Initial-stage reaction of methane examined by optical measurements of weak flames in a micro flow reactor with a controlled temperature profile

Takahiro Onda, Hisashi Nakamura, Takuya Tezuka, Susumu Hasegawa, Kaoru Maruta

Research output: Contribution to journalArticlepeer-review

7 Citations (Scopus)

Abstract

To examine methane oxidation at intermediate temperatures (ca., 900–1200 K), chemiluminescence observation and laser-induced fluorescence (LIF) measurements for CH2O and OH were conducted for methane weak flames in a micro flow reactor with a controlled temperature profile (MFR) at atmospheric and elevated pressures. Locations of CH2O–LIF, chemiluminescence, and OH-LIF in MFR were arranged from the low temperature side at 1.0 and 5.0 bar. Spatial separation of methane oxidation was successfully demonstrated. One-dimensional computations with five detailed kinetic mechanisms were conducted. Computational profiles of CH2O molar concentration, heat release rate (HRR), and OH molar concentration normalized by their own peak values were compared with experimentally obtained intensity profiles of the CH2O–LIF, chemiluminescence, and OH-LIF. Computational results obtained with AramcoMech 1.3 showed better agreements with experimentally obtained results among the mechanisms employed. However, the flame position computed with AramcoMech 1.3 showed a slightly higher temperature region than the experimental flame position, indicating underprediction of methane reactivity. Sensitivity analysis identified a set of dominant reactions for weak flame positions. Rate constants of the identified reactions were modified within uncertainty to reproduce experimentally obtained weak flame positions. The modified mechanism also well predicted ignition delay times and flame speeds, and significant improvement of prediction was identified particularly for ignition delay times of lowest temperature and pressure investigated. Reaction path analysis highlighted the importance of intermediate-temperature oxidation chemistry for methane such as CH3→CH3O2→CH3O→CH2O reactions at higher pressures. Two-stage oxidation of methane was observed by chemiluminescence observation and numerical simulations at higher pressures (6.0–10.0 bar).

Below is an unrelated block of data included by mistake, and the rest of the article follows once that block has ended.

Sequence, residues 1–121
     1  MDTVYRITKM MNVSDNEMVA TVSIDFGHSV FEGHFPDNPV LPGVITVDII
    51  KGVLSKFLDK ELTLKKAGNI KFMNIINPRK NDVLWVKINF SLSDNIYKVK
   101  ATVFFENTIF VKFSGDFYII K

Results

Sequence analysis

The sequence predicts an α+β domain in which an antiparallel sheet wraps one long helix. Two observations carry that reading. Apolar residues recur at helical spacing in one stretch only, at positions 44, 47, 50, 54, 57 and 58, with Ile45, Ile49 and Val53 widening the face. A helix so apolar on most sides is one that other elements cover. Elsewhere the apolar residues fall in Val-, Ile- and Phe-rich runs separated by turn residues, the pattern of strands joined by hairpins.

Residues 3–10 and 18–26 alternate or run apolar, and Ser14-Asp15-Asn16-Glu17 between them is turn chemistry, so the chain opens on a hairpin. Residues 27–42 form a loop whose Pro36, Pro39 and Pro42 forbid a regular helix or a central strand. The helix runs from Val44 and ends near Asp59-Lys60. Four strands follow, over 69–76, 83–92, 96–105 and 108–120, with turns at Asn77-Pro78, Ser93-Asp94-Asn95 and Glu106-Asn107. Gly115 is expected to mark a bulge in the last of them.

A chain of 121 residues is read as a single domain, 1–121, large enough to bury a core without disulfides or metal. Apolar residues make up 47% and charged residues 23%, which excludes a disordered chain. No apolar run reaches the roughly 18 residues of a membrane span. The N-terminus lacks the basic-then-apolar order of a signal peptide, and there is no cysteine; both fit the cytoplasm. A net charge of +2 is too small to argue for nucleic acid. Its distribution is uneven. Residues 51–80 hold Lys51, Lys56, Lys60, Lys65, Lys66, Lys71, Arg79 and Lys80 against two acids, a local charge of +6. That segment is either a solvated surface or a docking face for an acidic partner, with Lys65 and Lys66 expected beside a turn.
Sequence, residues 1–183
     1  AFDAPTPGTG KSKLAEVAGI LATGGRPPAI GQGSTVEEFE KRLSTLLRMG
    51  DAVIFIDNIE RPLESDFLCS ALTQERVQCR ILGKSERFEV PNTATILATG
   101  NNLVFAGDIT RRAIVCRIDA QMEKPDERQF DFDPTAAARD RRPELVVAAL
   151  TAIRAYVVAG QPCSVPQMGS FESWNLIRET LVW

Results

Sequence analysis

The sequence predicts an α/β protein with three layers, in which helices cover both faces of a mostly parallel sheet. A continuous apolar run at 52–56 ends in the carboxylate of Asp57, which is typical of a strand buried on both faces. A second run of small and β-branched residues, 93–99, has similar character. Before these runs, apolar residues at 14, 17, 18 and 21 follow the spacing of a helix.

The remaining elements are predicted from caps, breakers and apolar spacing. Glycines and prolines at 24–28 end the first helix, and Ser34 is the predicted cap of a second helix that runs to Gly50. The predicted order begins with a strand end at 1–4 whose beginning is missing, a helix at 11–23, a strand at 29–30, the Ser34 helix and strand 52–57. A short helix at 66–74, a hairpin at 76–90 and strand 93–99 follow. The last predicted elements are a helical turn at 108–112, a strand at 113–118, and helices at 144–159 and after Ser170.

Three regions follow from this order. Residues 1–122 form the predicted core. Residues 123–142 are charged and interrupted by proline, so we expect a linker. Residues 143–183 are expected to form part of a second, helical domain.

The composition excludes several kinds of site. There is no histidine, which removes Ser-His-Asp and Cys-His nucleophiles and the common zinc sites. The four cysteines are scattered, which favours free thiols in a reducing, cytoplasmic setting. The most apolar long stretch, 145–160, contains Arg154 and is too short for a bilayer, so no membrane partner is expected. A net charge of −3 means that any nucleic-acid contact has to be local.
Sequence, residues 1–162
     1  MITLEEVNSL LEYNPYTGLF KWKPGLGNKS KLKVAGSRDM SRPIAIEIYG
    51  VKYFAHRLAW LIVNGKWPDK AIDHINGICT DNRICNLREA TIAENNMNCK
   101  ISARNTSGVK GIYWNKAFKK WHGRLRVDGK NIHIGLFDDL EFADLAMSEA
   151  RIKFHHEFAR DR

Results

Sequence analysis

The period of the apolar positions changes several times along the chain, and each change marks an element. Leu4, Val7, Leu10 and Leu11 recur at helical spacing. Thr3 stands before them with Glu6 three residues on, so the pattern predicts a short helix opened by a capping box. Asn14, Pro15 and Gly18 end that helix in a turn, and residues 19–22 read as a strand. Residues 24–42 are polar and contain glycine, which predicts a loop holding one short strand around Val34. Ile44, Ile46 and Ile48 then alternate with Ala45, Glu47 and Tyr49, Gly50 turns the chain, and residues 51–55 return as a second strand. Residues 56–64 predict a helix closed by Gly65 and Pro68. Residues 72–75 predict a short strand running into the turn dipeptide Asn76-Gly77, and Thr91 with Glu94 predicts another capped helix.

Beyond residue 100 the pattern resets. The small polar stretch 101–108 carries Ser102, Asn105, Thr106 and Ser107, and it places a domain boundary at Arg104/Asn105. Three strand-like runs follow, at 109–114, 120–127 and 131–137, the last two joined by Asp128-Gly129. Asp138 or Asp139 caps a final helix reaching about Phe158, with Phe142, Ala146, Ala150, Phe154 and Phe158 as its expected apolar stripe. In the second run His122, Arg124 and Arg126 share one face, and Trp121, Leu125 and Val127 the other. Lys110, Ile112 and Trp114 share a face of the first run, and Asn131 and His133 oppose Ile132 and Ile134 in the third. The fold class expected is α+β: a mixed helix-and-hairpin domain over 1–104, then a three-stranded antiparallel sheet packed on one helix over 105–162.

Original languageEnglish
Pages (from-to)292-307
Number of pages16
JournalCombustion and Flame
Volume206
DOIs
Publication statusPublished - 2019 Aug

Keywords

  • Formaldehyde
  • Hydroxyl radical
  • Methyl radical
  • Methyl-peroxy radical
  • Micro-combustion

ASJC Scopus subject areas

  • Chemistry(all)
  • Chemical Engineering(all)
  • Fuel Technology
  • Energy Engineering and Power Technology
  • Physics and Astronomy(all)

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